Thursday, October 27, 1966

Where Do We Go From Here (Chapter V Draft)

This draft of Where Are We Going?, Chapter 5 of Dr. King's book Where Do We Go from Here: Chaos or Community? was significantly edited before publication but the central ideas are here. The government's failure to develop economic justice programs cannot be blamed on the Civil Rights Movement's lack of ideas, as often claimed. Building the political will for change is more important for the movement. The rights of Negroes to economic well-being are well aligned with goals and tactics of the labor movement. Negro leadership needs to be developed from within the community.

Dr. Luther King Cause of U.S. Violence


The articles mentions Dr. King and his supposed involvement with the Communist Party. The author is not convinced that Dr. King is the "good Samaritan" everyone believes him to be, and he is ensuring more violence with his cause.

Thursday, November 11, 1965

Men Who Live Differently

James E. Will shares a Christian perspective on conformity and its relation to humanity and God.

Martin Luther King To Speak in Ithaca


This article from the Ithaca Journal talks about Dr. King's speaking engagement at Cornell University's Bailey Hall in Ithaca. The article also gives some background information on Dr. King.

Tuesday, March 28, 1961

My Dream

Dr. King writes an article entitled "My Dream," which discusses his campaign to "wage war on the big city ghetto." King visits several slums across the North, and expresses his sentiments regarding the infamous slum conditions.

Atlanta Workshop in Nonviolence Newsletter


This newsletter, Volume I Number 4, is published by Henry and Sue Bass of Atlanta. They write about the Atlanta Peace Parade, an anti-Vietnam protest to take place on August 6, 1967. The Atlanta Peace Parade would become the south's first major peace parade, about which the Basses write President Johnson was worried, calling for counter-demonstrations.

Tuesday, August 1, 1967

Jesse Jackson and the Civil Rights Movement

This article details Jesse Jackson's involvement with the Civil Rights Movement.

More and Faster


Dr. King writes on the topic of "The Negro Goal: More and Faster." King highlights the black political and social climate in 1964 and discusses how the act of nonviolence gave blacks hope.

Sunday, January 5, 1964

More State Funds Urged for Negro Banks


This article reports about Operation Breadbasket's request for more funding from the State of Illinois to further its economic development efforts in the African American community.

Monday, January 23, 1967

New York Times Graphic: Minority Problems in White Collar Employment


This graphic from The New York Times shows examples of demographic inequality in white collar jobs.

Sunday, January 21, 1968

White Backlash Growing


The intensity in the Civil Rights Movement increased as blacks remained segregated and the Black Power movement gained popularity. White backlash increased during these times, but Dr. King noted that demonstrations "did not breed hate, but only revealed hatred that already existed."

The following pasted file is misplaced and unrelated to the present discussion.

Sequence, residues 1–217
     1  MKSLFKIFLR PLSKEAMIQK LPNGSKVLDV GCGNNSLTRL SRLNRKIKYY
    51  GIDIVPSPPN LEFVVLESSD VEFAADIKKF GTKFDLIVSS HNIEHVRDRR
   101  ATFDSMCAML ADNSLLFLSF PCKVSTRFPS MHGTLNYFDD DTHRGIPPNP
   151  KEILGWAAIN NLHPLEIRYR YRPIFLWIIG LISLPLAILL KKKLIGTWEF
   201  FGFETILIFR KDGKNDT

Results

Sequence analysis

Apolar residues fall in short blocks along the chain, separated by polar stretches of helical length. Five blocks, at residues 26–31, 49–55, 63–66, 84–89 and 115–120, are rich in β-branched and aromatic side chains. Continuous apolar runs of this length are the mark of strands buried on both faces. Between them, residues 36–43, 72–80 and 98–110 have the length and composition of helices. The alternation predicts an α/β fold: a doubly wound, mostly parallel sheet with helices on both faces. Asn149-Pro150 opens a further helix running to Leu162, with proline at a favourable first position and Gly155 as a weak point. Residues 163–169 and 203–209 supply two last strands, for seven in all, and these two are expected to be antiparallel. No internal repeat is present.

Friday, August 26, 1966

People in Action: Segregation And The Church


In this New York Amsterdam News article of February 2, 1963, Dr. King mentions writer James Baldwin’s scathing indictment of the Christian Church and states that the Church has been complicit in the system of racial segregation or remained silent on racial injustice, the nation’s most urgent social ill. The church should be the headlight, he states, not the taillight and be true to the prophetic call for justice. King takes hope, however, having just attended the National Conference on Religion and Race in Chicago, which brought together Catholic, Protestant, and Jewish leaders.

Saturday, February 2, 1963

Inquirer: "Not Accepting White Help Black Power Weakness"


The Atlanta Inquirer released this review on Dr. King's last book, "Where Do We Go From Here: Chaos or Community?" The review highlighted important issues transcribed in Dr. King's book. The most important issue, highlighted in the review, involved his views on the conflicts of the black power movement. "Where Do We Go From Here: Chaos or Community?" was released in 1967.

Saturday, June 24, 1967

Albany Student Penalty Stressed

Approximately 40 African American students were suspended from school and charged for participating in mob action. The students were suspended for taking part in an anti-segregation demonstration to Albany City Hall. The demonstration included White students as well but they were not punished for their actions. The 40 students planned to appeal their cases to the federal court.

Observer: The Fiery Savior

Journalist Ponchitta Pierce sends Dr. King an article that details the press conference of "The Militant." In response to questioning, the individual expresses their discontent with liberal politics, the United States of America, and its presence in Vietnam.